On September 21, 2010, the Secretary of State announced the Global Alliance for Clean Cookstoves (Alliance) at the Annual Meeting of the Clinton Global Initiative (GCI)—with the Clinton Foundation being one of the “Strategic Partnerships and Alliances.” By November 2014, more than $400 million had been raised for the project.
Hillary Clinton, reportedly, cooked up the project while Secretary of State, but it was shaped by her family foundation.
It sounds like a miracle product in that it will “save lives, improve livelihoods, empower women, and combat climate change.” But, it is a cookstove—more like a $25 hibachi grill than a stove.There’s something fishy when governments throughout the world (including the U.S), corporations (including Bank of America, Goldman Sachs, and Johnson & Johnson), and Ted Turner’s UN Foundation and the Clinton Global Initiative are involved as they are with the Alliance.
No one would begrudge corporations giving to a philanthropic effort, but we would probably feel differently about our own tax dollars going to the project Clinton is hawking—especially when the project is, by most accounts, an epic fail.
The Alliance claims to provide a solution to the “fourth worst overall health risk factor in developing countries.” Its website’s “Frequently Asked Questions” download states: “Exposure to smoke from traditional cookstoves and open fires—the primary means of cooking and heating for nearly three billion people in the developing world—causes 1.9 million premature deaths annually with women and young children most affected.” Not only that, but “Reliance on biomass for cooking and heating increases pressure on local resources” as women and children “forage for fuel.” Additionally, “inefficient cookstoves contribute to climate change through emissions of greenhouse gases.”
To remedy this problem, it would make sense for the well-funded public-private partnership to use its money and influence to help build natural-gas-fueled power plants and infrastructure to bring electricity to the developing world. But that was not Clinton’s idea.
The Alliance’s fundraising success can be attributed to her influence as Secretary of State. Before the 2010 announcement, Kris Balderston, who served as her special representative for global partnerships, on his state.gov account pressured Norway to join. They obliged with a commitment for a $600,000 “down payment.” Apparently, as emails revealed, the country wanted to be part of the launch: “They wanted to move quickly for the CGI announcement.” Once Norway signed on, while traveling the globe, on the taxpayers’ dime, Clinton recruited more partners.
If you don’t know the rules, this may seem petty. However, there are regulations against the use of public office for private gain.
While at best, Clinton’s clean cookstove campaign seems slimy, and may be illegal, one might cast a blind eye if the program achieved its aggrandizing goals.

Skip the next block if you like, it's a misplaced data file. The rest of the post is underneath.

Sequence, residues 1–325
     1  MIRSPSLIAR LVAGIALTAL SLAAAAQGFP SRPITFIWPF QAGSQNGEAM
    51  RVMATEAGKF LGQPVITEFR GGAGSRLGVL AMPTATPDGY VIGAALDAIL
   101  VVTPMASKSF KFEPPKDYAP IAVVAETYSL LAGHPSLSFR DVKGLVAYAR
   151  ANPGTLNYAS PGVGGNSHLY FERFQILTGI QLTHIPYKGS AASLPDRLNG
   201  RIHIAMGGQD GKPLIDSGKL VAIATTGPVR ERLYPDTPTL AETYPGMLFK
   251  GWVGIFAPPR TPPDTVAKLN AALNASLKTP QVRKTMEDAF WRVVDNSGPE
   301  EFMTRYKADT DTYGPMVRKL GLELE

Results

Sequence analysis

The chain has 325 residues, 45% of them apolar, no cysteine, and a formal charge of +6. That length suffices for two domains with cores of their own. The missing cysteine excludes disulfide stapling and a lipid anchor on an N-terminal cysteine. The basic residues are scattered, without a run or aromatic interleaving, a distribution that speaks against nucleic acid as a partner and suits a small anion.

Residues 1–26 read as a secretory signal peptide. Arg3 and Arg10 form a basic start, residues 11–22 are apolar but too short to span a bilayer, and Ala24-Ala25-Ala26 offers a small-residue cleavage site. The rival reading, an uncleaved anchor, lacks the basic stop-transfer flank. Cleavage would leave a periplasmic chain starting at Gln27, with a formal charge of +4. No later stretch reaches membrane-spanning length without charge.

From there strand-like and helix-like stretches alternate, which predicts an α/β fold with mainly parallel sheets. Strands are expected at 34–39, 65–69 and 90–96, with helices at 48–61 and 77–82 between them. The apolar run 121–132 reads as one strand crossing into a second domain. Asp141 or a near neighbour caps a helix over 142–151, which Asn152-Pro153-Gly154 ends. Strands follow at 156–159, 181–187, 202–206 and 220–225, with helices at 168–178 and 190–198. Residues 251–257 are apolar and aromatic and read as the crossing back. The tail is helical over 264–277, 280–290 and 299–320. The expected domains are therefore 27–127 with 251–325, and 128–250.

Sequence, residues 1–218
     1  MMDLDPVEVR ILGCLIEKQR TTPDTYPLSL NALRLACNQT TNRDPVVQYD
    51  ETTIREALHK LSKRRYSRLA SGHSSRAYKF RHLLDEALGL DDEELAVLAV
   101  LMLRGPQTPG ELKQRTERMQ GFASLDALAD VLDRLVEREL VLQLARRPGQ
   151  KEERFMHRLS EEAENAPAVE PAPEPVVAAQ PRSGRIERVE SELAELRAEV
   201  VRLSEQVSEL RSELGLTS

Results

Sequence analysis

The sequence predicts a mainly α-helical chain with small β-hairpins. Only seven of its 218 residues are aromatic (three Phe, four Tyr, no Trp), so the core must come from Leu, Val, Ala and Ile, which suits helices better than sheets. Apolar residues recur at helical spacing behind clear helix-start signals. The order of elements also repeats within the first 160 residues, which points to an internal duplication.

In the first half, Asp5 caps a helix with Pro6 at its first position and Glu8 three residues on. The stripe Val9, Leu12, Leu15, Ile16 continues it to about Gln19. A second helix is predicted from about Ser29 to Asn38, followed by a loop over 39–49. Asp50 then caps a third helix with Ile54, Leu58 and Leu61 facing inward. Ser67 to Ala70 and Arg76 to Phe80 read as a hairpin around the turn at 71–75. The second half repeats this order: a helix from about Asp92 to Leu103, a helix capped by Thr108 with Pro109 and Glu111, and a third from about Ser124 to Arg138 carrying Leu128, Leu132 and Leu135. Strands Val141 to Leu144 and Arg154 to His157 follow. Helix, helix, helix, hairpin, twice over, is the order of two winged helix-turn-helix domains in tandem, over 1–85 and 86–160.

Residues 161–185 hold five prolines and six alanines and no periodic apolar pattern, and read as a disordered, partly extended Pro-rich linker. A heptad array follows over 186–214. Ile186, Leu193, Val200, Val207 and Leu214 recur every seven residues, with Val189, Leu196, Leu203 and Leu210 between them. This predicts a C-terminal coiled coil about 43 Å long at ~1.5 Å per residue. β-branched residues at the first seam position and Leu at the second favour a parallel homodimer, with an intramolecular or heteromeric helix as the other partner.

These so-called “clean cookstoves,” even by the Alliance’s own literature, “may last for several years”—yet only 20 percent, according to a survey cited in the Washington Post(WP), are still in use after two years. While the Alliance has reportedly “helped drive more that 28 million stoves into the field,” most do not meet the World Health Organization’s guidelines for indoor emissions. The WP states: “The vast majority of the stoves burn wood, charcoal, animal dung or agricultural waste—and aren’t, therefore, nearly as healthy as promised.”
Defending the Alliance’s effort, Radha Muthiah, CEO of the Alliance, says: “There may not be the greatest health benefit, but there’s certainly a good environmental benefit.”
Distributing stoves that “we know will kill people” has been called “unethical.” Rema Hanna, the Harvard economist who led “Up in Smoke”—which WP calls “the most extensive field study to date on this subject”—says: “it makes no sense to ‘push more stoves into the world that people are not going to use.’” Citing a recent publication in the American Economic Journal: Economic Policy, David Kreutzer, Senior Research Fellow, Energy Economics and Climate Change at The Heritage Foundation, reports: “there were no long-term (after four years) health benefits from clean cook stoves. After two years, smoke inhalation was not at all different, and by the fourth year, nearly one-third of the households had so little use for the new stoves that they actually destroyed them.”
Rather than burning biomass, experts believe that gas, electricity, or both would be better at protecting health. Kreutzer agrees: “These cookstoves seem to be substitutes for efforts to provide affordable modern power to those in need”—which he says condemn so many of the poor to continuing energy poverty.
You have to wonder, if these cookstoves don’t achieve the stated goals, why is Clinton such a proponent? As Christine Lakatos, whom I have worked with on dozens of green-energy, crony-corruption reports, and who alerted me to this dirty story, found in her Green Corruption File
Clinton’s involvement risks, as the Washington Times
The answer to Clinton’s involvement, and the possible conflict of interest with her role at the State Department and “aiding the family charity,” deserves further investigation. But a hint can be found on the Alliances’ own website: carbon credits. It states: “In addition to being one of the fastest growing offset types in the voluntary market, cookstoves credits are selling for some of the highest prices observed in the voluntary carbon market.”
If Clinton becomes president, her energy policies will likely enact a cap-and-trade system or a carbon tax—which would suddenly make her cookstove project profitable. Rather than helping bring modern power to the world’s poor, she’s, as Kreutzer calls it, “prolonging energy poverty for millions upon millions in the developing world.” And that is the dirty story behind Clinton’s clean cookstove campaign.